The effective date will usually be the date the transaction is completed but can be earlier if a contract or agreement for lease has been 'substantially performed' at an earlier stage. This can happen, for example, where a tenant is allowed into occupation, perhaps to carry out fit out works, before the lease is completed.
“The shortening of the filing window to 14 calendar days means that SDLT calculations and draft returns should be prepared as soon as possible during a transaction so that they are ready to be filed quickly after the effective date,” said Andrew McCarthy, a property tax expert at Pinsent Masons, the law firm behind Out-Law.com.
"Returns are submitted with a declaration for and on behalf of the taxpayer that the contents are correct so companies may want to consider having multiple signatories so as to cover holiday periods," he said.
The reduction in the time limit was first announced in the 2015 Autumn Statement and was originally due to come into force in the 2016-2017 tax year. However, following a consultation on the proposals in 2016, the government decided to delay the introduction of the shorter time limit so that simplifications could be made to the information required on the SDLT form in respect of complex transactions and property subject to leases. Additional information is collected by HMRC in the SDLT return on behalf of the Valuation Office Agency. New less detailed SDLT forms apply from 1 March in respect of leases, multiple properties and complex transactions.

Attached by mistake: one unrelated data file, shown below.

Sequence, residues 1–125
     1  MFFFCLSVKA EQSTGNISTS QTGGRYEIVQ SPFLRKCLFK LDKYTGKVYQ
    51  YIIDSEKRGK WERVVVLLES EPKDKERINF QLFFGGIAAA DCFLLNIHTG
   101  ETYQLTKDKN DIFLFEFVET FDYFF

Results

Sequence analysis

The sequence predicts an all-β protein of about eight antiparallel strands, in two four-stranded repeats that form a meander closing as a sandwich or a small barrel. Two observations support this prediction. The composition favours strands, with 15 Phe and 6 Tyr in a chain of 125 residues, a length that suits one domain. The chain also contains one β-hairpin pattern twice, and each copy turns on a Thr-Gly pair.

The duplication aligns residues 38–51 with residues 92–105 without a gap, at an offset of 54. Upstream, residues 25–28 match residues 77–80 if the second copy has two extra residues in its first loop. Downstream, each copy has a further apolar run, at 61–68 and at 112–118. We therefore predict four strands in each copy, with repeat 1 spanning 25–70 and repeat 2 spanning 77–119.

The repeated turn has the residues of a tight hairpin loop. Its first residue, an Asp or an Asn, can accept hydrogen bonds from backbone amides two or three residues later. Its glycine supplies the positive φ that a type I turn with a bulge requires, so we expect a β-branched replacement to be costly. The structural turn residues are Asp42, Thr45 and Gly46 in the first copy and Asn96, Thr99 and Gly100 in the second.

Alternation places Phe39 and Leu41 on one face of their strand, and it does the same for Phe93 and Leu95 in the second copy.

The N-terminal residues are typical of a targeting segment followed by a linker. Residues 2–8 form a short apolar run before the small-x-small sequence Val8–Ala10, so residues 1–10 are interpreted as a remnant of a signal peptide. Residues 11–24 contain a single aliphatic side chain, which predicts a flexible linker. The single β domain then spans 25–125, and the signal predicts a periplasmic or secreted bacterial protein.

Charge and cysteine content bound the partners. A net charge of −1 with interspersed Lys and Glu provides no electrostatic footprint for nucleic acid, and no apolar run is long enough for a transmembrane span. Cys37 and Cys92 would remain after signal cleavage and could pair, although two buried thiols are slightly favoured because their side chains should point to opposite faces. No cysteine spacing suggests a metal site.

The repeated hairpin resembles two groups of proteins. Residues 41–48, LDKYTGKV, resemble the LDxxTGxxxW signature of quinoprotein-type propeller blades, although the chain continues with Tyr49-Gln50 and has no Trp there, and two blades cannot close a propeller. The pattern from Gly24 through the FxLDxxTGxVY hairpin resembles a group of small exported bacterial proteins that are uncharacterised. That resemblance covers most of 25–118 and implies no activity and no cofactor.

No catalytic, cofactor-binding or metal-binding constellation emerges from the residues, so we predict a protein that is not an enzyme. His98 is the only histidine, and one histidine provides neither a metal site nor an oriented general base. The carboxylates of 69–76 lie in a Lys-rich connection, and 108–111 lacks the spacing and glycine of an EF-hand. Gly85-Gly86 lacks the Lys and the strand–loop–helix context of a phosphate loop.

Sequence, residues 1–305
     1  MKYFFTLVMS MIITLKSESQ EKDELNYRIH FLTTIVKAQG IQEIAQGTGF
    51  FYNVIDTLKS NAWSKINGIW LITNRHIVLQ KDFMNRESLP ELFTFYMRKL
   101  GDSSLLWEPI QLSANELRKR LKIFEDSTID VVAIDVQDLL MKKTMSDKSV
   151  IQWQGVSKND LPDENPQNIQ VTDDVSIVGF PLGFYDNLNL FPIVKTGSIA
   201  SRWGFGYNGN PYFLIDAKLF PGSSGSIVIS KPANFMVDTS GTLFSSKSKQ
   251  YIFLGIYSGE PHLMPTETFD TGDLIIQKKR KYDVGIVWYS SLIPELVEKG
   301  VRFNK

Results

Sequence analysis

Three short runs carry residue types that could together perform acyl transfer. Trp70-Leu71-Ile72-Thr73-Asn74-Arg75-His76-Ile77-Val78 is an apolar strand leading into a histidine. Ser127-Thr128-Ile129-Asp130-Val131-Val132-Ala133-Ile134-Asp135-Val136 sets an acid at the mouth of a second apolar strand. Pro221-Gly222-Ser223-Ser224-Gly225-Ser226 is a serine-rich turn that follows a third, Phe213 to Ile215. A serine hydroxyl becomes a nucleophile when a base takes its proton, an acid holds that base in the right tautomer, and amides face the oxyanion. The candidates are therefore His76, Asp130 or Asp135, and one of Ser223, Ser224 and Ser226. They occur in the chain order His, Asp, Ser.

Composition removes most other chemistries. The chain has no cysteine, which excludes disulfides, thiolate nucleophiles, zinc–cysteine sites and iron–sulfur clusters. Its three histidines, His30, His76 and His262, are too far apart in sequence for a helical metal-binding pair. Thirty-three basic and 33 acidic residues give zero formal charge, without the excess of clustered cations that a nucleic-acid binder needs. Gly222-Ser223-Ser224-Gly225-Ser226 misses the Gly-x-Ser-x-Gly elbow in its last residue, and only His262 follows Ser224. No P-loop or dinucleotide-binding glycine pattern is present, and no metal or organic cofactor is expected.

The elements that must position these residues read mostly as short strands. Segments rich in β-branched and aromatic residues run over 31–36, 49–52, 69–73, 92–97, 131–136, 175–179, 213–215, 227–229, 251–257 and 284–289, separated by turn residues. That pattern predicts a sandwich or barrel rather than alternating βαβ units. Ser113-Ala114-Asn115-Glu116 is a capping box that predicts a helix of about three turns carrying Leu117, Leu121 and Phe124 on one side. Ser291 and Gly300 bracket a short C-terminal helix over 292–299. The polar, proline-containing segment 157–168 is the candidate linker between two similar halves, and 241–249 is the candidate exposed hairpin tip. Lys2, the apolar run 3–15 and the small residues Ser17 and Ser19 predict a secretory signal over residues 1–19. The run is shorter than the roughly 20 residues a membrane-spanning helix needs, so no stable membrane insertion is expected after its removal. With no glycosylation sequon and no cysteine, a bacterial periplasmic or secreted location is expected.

Where further returns have to be filed, such as where uncertain consideration becomes ascertained or where a fixed term lease continues beyond its original term, the 30 day limit will continue to apply. The 30 day limit will also continue to apply to applications to defer payment of SDLT for contingent or uncertain consideration.
If returns are not filed by the due date, a £100 penalty becomes payable, if the return is filed within 3 months of the filing date. Thereafter a £200 penalty becomes payable. Interest is also payable on SDLT which is not paid on time.
SDLT only applies to transactions relating to land in England. For land in Scotland land and buildings transaction tax applies; and land and buildings tax covers land in Wales.